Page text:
Married to the Mob

They’ll eat her alive! New math teacher Kumiko (Yukie Nakama) has been assigned to class 3-D, the most notorious group of troublemakers in Shirokin Academy. They stare her down, they throw anything that comes to hand and they just plain ignore her. But Kumiko is tougher than she looks, and she isn’t taking any crap from a gang of teenagers. She’s used to dealing with gangs, after all – she’s the heir to one of the biggest crime syndicates in Japan. This is no normal classroom drama, this is Gokusen.

Yamaguchi Kumiko (the pun only works if you say it in the Japanese name order), is actually a Yamaguchi-gumi Ko, the grandchild of a gang-boss in the yakuza. Her parents tried to go straight, but ended up dead anyway. She was reared by her grandfather and groomed for gangland succession, but the sweet-natured girl prefers to live a normal life. However, when she gets angry, she stops talking like Miss Math, and instead adopts the guttural slang and rolled R’s of a yakuza tough guy.

She wants to teach children, and she wants to fall in love. She even thinks she’s found her man – that sweet Mr Shinohara (Ikki Sawamura) who gets the same bus as her. Except Mr Shinohara is actually Detective Shinohara… can you sense trouble ahead?

Gokusen started life as a manga by artist Kozueko Morimoto, whose early work focussed on the interaction between women and children. Her first big title came in 1990, with the publication of I’m a Mother! by You Comics. No gangsters here; instead Morimoto’s seven-volume classic compiled a series of humorous essays about child-rearing, taking female readers through the post-natal process from birth to a child’s first day at school, and beyond. She followed it up with Medical Intern Nanako in in 1994, a comedy about a student doctor who finds a place in a university teaching hospital after graduation. The 1990s also saw a couple of mini-stories This is Lady Mama and Mystery Mama.

As the 1990s drew to a close, Morimoto gave up on the whole motherhood thing. She’d found something else to interest her. In 1998, heart-throb Takashi Sorimachi shot to unprecedented heights of stardom as the hero of the tough-guy teacher series GTO. Meanwhile, Japanese satellite channel WOWOW began airing an American series whose translated title meant Sorrowful Mafia – you may know it better as The Sopranos. Gangsters out of their natural habitat were cool, they were in fashion, and Morimoto’s Gokusen was born.

For the live-action version on the NTV channel, actress Yukie Nakama had to ditch her previous M.O. as someone who chased crooks. Best known as the crime-fighting circus conjuror of Trick, she also played the photofit artist and sometime sleuth of Face. But Nakama is no stranger to playing roles with something to hide; her finest moments include her turn as a woman whose husband has accidentally married someone else in False Love, and the mind-boggling entanglements of a girl with a yakuza boyfriend whose sister is dating a Russian assassin in Love 2000. Her most prominent co-star in the series is Jun Matsumoto, who plays the unofficial leader of 3-D. A pop-star in the Arashi boy-band, Matsumoto is no stranger to manga adaptations, having starred in the live-action versions of both You Are My Pet and Young Kindaichi Files.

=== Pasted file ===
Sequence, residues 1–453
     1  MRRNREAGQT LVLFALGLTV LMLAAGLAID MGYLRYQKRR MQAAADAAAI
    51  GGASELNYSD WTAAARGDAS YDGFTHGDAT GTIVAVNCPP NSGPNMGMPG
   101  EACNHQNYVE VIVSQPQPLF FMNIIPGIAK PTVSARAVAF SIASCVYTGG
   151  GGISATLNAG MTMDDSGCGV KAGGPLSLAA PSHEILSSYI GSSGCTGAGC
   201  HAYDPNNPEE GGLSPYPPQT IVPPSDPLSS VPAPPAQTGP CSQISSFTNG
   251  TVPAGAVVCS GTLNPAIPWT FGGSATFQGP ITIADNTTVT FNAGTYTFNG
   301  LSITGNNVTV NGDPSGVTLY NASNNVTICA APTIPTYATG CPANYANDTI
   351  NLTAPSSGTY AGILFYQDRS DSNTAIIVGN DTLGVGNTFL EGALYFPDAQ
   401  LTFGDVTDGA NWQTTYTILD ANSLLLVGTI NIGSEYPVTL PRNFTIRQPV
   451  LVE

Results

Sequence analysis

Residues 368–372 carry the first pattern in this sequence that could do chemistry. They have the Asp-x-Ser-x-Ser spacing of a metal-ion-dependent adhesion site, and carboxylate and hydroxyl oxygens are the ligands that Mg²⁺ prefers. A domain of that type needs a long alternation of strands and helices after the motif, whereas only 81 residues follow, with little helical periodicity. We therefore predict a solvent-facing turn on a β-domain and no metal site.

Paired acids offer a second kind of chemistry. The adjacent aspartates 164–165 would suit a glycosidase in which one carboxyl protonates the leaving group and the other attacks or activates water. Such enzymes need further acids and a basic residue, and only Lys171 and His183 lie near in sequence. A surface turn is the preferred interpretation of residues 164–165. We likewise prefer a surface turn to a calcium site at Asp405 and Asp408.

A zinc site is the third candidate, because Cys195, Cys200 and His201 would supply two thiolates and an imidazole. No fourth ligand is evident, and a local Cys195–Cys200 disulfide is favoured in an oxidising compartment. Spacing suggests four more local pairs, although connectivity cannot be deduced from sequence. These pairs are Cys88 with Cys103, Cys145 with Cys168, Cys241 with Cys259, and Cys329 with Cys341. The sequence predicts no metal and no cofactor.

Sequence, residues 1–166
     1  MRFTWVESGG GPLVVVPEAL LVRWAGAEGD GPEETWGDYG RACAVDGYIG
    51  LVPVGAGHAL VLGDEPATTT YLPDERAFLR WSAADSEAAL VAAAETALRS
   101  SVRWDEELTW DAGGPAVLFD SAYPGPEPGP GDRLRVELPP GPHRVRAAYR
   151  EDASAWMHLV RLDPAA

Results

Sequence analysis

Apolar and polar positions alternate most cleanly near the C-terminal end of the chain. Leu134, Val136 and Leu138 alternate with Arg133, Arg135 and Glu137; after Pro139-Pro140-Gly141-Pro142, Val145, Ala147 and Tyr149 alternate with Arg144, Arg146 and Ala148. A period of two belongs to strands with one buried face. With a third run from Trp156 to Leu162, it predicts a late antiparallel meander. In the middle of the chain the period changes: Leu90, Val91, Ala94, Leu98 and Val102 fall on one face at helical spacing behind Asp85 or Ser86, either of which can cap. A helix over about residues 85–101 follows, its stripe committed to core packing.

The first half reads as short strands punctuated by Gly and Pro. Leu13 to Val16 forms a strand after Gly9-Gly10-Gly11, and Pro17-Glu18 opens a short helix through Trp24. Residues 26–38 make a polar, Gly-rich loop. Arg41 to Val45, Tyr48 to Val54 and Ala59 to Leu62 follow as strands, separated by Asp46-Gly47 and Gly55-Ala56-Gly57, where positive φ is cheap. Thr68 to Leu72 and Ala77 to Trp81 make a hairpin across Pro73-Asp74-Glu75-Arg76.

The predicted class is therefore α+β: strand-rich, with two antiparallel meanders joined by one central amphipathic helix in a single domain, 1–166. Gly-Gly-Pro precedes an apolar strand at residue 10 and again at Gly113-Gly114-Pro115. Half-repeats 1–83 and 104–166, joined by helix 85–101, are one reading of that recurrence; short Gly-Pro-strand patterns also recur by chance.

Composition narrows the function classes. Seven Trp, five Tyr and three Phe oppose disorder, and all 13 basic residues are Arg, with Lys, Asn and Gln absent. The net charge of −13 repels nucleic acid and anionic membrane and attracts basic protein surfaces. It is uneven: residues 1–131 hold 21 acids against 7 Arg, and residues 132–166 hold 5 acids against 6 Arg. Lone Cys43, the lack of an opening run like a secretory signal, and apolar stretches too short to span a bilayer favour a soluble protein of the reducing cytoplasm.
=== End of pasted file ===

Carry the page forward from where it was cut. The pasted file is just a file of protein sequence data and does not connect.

The Gokusen series isn’t afraid to throw in a number of storylines that have nothing to do with gangsters. She may be able to have people taken away and killed, but Kumiko prefers to fret over her pupils’ education like any number of TV teachers. When 3D are forbidden from participating in the school volleyball tournament, she enlists them as male cheerleaders (but only by promising them the chance to meet the more common female variety). She defends her school’s shoddy reputation, even if it means dumping a potential suitor from a snooty prep school. And all the while, she tries to hang onto her place in the everyday world, desperate for her criminal origins to remain in the shadows.

Of course, it’s a rare Japanese TV classroom that doesn’t have a dark secret lurking in it somewhere these days. The medium is also no stranger to gangsters trying to go straight; Kumiko’s TV ancestors include 1991’s Downtown Detectives, in which two yakuza make a buck as private investigators. Then there’s The Quiet Don, about a salaryman with a “Family” business on the side, which was made into both anime and live-action versions.

Gokusen has followed suit. After the success of the live-action TV version in 2002, it’s back as an anime on NTV, further strengthening the connections between the worlds of animation and Living Manga. The role of Kumiko is taken in the anime version by Risa Hayamizu, who has previously appeared in anime such as Kaleidostar and Kiddy Grade. She also had a cameo in a series that sounds just like something a gangland teacher might say to her quivering pupils – Read or Die!

(This article first appeared in Newtype USA magazine, June 2004)

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4 thoughts on “Married to the Mob

  1. I thought they’d be corny, but I quite liked watching the live & anime versions of Gokusen. Thanks to them it sent me off on a tangent of watching Asian “unlikely combinations & the mob” films.

  2. I don’t know where my copy is. I’ve probably lent it to someone who hasn’t given it back. I’ve asked the usual suspects, but they all swear blind that they haven’t got it. Maybe it’ll turn up next time I move house!

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